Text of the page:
The United Nations says Eritrea has placed new restrictions on UN peacekeeping operations along the border with Ethiopia.
Badme remains under Ethiopian occupation
It says with Eritrea limiting some night patrols the possibility of a military build-up cannot be ruled out.
Earlier this month the UN criticised an Eritrean ban on UN helicopter flights.
UN troops patrol the border zone under the terms of the 2000 peace plan that followed a two-year border war in which 70,000 people died.
"In some places we have received sporadic orders that after sunset at 1800 (1500 GMT), the vehicles are not allowed to move," UN commander Colonel Mohammed Aqbal told reporters, AFP reports.
"Overall, our monitoring capabilities have been reduced by 55%," he said.
The two countries ended their border war after a peace agreement which provided for an independent commission to rule on their disputed border.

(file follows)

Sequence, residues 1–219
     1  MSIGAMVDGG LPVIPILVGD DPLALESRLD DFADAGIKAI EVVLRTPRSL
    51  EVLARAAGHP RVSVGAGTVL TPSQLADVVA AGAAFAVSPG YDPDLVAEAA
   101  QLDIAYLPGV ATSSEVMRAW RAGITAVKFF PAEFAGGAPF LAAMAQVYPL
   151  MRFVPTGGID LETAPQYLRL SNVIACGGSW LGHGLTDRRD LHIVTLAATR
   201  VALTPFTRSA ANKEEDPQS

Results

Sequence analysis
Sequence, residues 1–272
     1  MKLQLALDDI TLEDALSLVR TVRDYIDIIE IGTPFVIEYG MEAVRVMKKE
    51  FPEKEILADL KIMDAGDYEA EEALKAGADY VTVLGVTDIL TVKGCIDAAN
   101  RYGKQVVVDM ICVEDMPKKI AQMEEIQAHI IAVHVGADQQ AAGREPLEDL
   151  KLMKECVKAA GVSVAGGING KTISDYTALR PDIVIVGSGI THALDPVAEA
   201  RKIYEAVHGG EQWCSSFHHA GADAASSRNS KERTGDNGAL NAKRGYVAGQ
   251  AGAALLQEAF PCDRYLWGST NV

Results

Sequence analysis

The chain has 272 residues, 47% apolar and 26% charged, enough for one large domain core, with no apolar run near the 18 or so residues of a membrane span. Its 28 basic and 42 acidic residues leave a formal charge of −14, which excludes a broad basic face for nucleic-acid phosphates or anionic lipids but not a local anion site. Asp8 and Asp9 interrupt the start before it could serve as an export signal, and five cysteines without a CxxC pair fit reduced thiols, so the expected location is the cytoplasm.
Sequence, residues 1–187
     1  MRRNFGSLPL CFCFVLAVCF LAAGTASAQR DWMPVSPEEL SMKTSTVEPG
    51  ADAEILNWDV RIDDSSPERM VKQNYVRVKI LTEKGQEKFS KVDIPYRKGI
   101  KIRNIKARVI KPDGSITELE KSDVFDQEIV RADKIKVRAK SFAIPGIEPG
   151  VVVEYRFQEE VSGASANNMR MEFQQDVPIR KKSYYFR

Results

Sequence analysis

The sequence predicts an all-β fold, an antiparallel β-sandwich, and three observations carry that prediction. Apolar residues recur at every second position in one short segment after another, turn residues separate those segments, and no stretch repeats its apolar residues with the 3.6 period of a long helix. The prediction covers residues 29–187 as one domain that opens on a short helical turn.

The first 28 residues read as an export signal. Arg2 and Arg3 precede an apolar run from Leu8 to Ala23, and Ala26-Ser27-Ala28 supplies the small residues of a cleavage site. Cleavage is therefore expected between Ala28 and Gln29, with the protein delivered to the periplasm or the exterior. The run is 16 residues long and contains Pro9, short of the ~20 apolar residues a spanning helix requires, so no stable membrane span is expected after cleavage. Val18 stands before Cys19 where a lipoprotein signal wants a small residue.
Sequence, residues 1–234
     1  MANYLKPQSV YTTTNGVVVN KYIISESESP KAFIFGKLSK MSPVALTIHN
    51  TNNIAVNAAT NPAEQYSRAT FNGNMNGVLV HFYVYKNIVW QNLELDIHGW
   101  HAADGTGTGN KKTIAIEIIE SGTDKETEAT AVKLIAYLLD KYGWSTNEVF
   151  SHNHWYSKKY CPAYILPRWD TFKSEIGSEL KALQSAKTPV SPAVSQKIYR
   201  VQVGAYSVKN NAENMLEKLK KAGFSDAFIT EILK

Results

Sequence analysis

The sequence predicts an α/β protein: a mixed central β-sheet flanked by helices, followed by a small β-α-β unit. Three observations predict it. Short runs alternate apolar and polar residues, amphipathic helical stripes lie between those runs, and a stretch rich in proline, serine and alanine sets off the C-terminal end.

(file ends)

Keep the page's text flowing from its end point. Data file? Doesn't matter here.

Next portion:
However, the commission's findings have yet to be implemented, and Ethiopia continues to occupy the town of Badme, which the commission ruled belonged to Eritrea.
Last month, Eritrea warned it might re-start its war with Ethiopia if the UN failed to resolve a border dispute between the two neighbours.
UN Secretary General Kofi Annan emphasised that both governments had the primary responsibility to bring about peace and security.
Earlier this year, the UN expressed concern over a build-up of Ethiopian and Eritrean troops close to the border zone.
Eritrea became independent from Ethiopia in 1993, after Ethiopian and Eritrean rebel movements overthrew the Derg regime in Addis Ababa.